Halo 3: ODST is the most unusual of the main-series Halo games (not counting spin-offs like Halo Wars), and as a result, it’s also one of the most underrated.
You don’t play a Spartan in ODST. Instead, you play one of the Orbital Drop Shock Troopers, still elite soldiers, but not as powerful as the Spartans. Additionally, while the core components of the gameplay are the same – it’s still a first-person shooter, with Halo gameplay – other parts are quite different.
Most Halo games are fairly linear. A given level might have wide open spaces, but you generally travel from point A to point B to complete your objectives, from the start of the game until the end. ODST took a different approach. You awake in New Mombasa, an open city that serves as a hub world for the game. (As a fan of hub worlds, I really loved this.) You have no idea what happened to the rest of your team, so you set out to find answers in the Covenant-infested city.
This adds a mystery element, and some parts of ODST were actually inspired by film noir. As you explore New Mombasa, you’ll often get into fights with the Covenant, but other times you can sneak past them. The city is also filled with hidden terminals for you to find, which gradually tell a side-story.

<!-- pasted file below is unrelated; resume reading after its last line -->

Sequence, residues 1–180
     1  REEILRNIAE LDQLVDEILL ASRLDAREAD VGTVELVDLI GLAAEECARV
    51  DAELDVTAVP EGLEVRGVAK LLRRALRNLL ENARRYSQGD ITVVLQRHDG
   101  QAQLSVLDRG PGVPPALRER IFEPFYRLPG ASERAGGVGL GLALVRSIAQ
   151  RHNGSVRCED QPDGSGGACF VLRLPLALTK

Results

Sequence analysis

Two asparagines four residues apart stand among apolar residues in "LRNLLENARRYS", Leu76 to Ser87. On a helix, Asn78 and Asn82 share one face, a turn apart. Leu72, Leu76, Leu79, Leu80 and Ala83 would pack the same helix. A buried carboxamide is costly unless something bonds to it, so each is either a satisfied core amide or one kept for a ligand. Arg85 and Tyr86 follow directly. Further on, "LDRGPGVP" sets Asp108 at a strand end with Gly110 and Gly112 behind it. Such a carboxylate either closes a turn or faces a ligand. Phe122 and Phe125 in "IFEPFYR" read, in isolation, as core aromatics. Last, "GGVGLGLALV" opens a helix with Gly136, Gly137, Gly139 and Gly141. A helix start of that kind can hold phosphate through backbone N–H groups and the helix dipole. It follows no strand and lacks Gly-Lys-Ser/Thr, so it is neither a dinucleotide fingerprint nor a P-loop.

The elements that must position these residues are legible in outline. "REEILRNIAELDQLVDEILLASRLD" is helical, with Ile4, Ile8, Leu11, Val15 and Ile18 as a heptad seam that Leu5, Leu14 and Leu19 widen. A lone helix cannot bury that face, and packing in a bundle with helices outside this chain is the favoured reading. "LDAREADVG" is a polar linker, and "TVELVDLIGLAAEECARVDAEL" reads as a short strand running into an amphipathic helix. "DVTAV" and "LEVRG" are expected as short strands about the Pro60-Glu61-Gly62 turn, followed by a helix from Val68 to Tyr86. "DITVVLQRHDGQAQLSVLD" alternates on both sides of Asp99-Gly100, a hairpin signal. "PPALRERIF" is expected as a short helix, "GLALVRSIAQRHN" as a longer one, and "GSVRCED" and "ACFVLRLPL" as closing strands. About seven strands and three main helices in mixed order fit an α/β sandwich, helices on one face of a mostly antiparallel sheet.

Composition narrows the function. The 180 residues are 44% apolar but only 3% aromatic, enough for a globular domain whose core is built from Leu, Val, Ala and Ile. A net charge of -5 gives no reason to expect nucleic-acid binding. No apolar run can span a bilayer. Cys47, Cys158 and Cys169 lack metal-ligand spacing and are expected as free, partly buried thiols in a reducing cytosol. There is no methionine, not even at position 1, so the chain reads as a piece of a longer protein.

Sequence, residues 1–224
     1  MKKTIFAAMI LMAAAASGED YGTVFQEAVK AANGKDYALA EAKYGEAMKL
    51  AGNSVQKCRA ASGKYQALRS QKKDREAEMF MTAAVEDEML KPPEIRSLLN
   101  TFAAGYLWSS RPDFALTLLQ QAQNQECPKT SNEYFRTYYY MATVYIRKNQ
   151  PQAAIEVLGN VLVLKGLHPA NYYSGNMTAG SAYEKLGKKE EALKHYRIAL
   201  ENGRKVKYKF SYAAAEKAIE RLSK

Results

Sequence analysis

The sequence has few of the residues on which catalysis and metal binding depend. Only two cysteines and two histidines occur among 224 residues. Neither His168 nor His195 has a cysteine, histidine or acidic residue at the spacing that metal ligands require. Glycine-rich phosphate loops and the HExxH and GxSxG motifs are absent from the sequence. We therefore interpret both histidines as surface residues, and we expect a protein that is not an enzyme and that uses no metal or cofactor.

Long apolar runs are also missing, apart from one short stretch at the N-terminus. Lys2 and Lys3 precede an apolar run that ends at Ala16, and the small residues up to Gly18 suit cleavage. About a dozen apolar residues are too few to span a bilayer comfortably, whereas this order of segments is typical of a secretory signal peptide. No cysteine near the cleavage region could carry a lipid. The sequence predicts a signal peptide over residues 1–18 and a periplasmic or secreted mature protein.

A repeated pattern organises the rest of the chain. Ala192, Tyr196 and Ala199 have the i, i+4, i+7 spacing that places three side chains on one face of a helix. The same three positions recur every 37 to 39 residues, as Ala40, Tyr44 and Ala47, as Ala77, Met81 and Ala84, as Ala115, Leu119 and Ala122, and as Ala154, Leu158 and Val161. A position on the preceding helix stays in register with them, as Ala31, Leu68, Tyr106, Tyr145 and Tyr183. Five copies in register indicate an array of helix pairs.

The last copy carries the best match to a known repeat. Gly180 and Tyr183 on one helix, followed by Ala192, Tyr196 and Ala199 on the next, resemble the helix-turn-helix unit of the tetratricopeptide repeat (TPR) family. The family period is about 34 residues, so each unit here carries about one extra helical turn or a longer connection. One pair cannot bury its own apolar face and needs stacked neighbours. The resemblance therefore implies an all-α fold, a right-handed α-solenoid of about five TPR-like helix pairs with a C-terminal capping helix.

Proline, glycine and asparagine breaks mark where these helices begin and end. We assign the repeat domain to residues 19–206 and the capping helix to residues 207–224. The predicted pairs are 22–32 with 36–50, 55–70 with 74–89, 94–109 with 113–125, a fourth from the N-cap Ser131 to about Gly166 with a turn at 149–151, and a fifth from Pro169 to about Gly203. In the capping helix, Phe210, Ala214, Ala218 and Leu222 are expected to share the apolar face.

At various spots in the city, you’ll find items that belonged to your fellow ODSTs. Once you find one, it will trigger a flashback from that team member’s perspective. These flashbacks play in a more traditional Halo style, and show you what happened to that character. Then you return to the city, and your search continues.
ODST also included the Huragok, or Engineers, the only non-combatant (pacifist, to a large degree) race in the Covenant. They previously appeared in the novels and Halo Wars, but to many players, ODST was their first encounter with the Engineers. The game plays with that, revealing the peaceful nature of the Engineers through the story. There are even two achievements directly related to the Engineers – one for killing every Engineer you encounter, and one for not killing any.
I loved the other Halo games, but there’s something really special about ODST. The new gameplay was a surprise, but refreshing and fun. I loved exploring the city, both to find things and just to look around. It was fun to search every corner of New Mombasa for the terminals, and to slowly unravel the mystery around the missing ODSTs. And as a fan of the novels, I was delighted to see the Engineers. I knew what they were, and it was great to see the characters learn about them.
Halo 3: ODST isn’t like other Halo games in a lot of ways, and that means it’s often overlooked. It’s a pity, because it’s quite fun and unique. A hub to explore, a bit of a detective story, and classic Halo shooting at the same time – ODST is different, but definitely worth playing.